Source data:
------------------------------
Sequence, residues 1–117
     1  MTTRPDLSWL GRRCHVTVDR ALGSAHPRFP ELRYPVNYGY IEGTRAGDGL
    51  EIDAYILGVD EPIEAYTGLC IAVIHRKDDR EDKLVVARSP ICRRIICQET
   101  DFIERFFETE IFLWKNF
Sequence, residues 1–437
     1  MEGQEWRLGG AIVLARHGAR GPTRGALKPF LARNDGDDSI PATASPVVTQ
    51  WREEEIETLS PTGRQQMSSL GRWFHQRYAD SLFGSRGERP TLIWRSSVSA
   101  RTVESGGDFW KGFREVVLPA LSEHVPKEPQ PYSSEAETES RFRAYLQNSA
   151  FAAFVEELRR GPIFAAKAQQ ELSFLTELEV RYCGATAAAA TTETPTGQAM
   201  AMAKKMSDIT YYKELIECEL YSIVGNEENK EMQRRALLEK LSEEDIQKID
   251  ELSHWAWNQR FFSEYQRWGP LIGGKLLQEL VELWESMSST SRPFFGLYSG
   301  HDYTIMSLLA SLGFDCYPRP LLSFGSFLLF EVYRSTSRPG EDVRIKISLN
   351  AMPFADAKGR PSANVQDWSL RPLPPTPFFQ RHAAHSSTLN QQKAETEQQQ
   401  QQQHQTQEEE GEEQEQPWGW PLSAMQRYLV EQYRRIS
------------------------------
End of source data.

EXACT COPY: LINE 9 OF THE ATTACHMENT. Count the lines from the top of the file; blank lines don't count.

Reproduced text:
   151  FAAFVEELRR GPIFAAKAQQ ELSFLTELEV RYCGATAAAA TTETPTGQAM